In a dangerous event at a WA site in June 2018, a scaffolder fell four metres after he became imbalanced when his fall arrest equipment (inertia reel lanyard) locked. The incident was further complicated by the fact that scaffolder had attached to a handrail as an anchorage and the lanyard webbing sheared below the energy absorber. Fortunately, he survived the incident with a damaged shoulder.
The incident highlights the need to identify effective anchorage points and the need to use effective planned accessways when undertaking tasks at height.
The DMIRS said that “in June 2018, a scaffolder fell while crossing a void 5.7 metres above the ground. The scaffolder was wearing a fall arrest harness with a retractable type lanyard connected to a horizontal guardrail of a scaffold platform. When stepping 1.3 metres laterally to access a pipe support structure, the inertia reel mechanism of the lanyard engaged, impacting the scaffolder’s balance. This caused the scaffolder to fall back through the void and swing against the scaffold structure. The webbing on the retractable lanyard then sheared below the shock (energy) absorber component. The scaffolder fell approximately four metres, landing on a staircase and dislocating his shoulder.”
The regulator stated that the direct cause of the incident was that the ‘scaffolder lost his balance while crossing avoid’ and that ‘the lanyard failed before deploying the shock absorber’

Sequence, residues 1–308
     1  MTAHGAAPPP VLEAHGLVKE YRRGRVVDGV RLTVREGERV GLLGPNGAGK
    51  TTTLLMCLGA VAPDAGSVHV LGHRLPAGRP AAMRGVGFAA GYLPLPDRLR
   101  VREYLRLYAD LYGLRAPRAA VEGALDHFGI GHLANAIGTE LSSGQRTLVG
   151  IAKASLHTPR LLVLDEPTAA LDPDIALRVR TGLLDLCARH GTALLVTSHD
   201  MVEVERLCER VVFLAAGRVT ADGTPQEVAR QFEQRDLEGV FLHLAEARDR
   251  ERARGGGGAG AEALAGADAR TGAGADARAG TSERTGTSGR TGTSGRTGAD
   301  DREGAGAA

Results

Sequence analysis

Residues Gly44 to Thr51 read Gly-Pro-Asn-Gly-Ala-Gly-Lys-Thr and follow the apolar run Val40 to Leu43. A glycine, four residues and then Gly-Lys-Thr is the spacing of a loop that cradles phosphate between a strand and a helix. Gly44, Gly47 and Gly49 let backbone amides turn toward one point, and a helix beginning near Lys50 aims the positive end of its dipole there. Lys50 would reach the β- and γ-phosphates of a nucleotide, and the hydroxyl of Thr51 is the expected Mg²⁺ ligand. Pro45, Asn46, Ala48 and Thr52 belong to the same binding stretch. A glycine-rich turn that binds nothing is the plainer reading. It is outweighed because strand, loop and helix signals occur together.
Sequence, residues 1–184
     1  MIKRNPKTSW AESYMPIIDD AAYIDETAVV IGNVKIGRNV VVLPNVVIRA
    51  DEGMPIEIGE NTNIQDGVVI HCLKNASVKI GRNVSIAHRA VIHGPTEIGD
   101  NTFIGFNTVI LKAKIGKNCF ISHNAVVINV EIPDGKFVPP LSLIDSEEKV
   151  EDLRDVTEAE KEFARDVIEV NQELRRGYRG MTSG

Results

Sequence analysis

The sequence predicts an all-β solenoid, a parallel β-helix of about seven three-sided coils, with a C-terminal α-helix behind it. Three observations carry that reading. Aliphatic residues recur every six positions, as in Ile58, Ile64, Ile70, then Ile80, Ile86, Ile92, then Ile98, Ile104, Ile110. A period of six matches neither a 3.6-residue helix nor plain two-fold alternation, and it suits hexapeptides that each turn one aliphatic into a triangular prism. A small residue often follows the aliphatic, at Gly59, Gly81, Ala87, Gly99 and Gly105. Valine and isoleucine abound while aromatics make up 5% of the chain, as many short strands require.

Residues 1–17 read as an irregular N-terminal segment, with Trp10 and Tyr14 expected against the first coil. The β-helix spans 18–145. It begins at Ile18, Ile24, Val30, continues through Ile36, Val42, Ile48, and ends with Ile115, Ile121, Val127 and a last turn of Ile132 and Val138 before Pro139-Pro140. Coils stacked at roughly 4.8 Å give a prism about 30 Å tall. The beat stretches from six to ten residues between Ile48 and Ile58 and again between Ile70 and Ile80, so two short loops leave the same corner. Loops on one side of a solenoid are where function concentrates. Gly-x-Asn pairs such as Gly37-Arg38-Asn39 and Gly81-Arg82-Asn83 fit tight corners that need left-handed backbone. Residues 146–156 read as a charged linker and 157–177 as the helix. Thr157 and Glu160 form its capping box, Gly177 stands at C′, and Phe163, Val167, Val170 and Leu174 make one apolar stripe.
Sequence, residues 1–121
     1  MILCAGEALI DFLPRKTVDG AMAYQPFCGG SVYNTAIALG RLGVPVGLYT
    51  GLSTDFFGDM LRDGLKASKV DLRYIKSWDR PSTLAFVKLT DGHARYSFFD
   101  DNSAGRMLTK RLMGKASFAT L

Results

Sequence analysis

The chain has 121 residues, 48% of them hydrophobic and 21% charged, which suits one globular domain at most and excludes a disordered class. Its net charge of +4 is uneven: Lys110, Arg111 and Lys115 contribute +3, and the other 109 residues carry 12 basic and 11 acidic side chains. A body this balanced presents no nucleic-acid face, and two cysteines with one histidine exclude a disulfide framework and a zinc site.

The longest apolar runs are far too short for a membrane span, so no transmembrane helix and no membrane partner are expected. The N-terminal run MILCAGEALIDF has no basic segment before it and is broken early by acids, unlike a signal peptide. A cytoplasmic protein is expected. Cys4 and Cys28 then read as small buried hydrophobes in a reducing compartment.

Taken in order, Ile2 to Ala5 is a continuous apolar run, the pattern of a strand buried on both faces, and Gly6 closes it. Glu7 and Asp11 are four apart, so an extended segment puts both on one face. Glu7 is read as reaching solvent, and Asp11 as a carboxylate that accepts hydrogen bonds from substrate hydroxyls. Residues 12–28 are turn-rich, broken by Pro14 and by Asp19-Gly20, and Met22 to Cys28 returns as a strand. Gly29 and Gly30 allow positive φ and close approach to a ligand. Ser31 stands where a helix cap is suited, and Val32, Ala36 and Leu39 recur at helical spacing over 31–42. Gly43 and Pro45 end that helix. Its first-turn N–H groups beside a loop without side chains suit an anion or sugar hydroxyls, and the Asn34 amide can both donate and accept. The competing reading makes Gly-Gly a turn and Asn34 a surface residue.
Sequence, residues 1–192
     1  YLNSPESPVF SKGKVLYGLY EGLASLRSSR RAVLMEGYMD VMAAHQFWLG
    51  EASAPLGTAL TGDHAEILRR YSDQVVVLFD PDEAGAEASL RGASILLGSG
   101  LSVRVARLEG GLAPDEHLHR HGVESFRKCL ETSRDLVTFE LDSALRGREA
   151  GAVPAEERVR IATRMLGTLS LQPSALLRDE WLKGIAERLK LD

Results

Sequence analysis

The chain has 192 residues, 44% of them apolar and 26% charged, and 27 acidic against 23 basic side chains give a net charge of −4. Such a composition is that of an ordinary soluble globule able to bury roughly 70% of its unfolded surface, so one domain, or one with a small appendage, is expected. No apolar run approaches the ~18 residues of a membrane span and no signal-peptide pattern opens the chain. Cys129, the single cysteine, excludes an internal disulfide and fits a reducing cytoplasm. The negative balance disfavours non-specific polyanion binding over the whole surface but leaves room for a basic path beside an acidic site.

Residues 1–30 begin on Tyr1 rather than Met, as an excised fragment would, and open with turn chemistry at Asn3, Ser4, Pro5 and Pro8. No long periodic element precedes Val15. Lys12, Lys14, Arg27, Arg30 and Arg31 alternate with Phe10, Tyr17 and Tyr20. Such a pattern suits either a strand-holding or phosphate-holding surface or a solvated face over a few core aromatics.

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It said a number of issues also contributed to the incident including those of:
- Higher level risk mitigation measures (e.g a stairway) were not in use.
- The fall arrest equipment was not used in a way to reduce, so far as is practicable, the possibility of injury to the user.
- The anchor point selection was incorrect for the application and outside the maximum of 30°offset recommended in AS/NZS 1891.4:2009, Part 5.1.2.
- The lanyard integrity was compromised at the connection between the inertia reel and the shock absorber with the webbing material worn and/or damaged.
- The scaffolder’s lateral swing (the pendulum effect) extended the fall distance, likely exceeding free fall limits, before the lanyard took up the load.
The Department recommends:
- Identifying if there are alternative and safer methods of conducting the task.
- Identifying the hazards, assess and control all risks that may arise for all activities involving the use of fall arrest equipment.
- Confirming workers conducting work at heights with fall arrest equipment are adequately instructed, trained, assessed and supervised
- Using fall arrest equipment in accordance with AS/NZS 1891.4:2009 and the manufacturer’s recommendations, including a total fall distance calculation to ensure a residual safety clearance is maintained.
- Ensuring all servicing, testing, maintenance and storage of fall arrest equipment is conducted in accordance with applicable standards and manufacturers recommendations.
- Protecting fall arrest equipment from degradation due to adverse exposure to ultra violet radiation or chemicals.
- Increasing inspection frequency when fall arrest equipment is used in harsh conditions, such as abrasive or corrosive environments.
- Ensuring all persons using fall arrest equipment are competent to inspect and use this equipment, and do so prior to and after each use.
- Discarding and replacing all damaged and/or deteriorated equipment
More information is available on the DMIRS website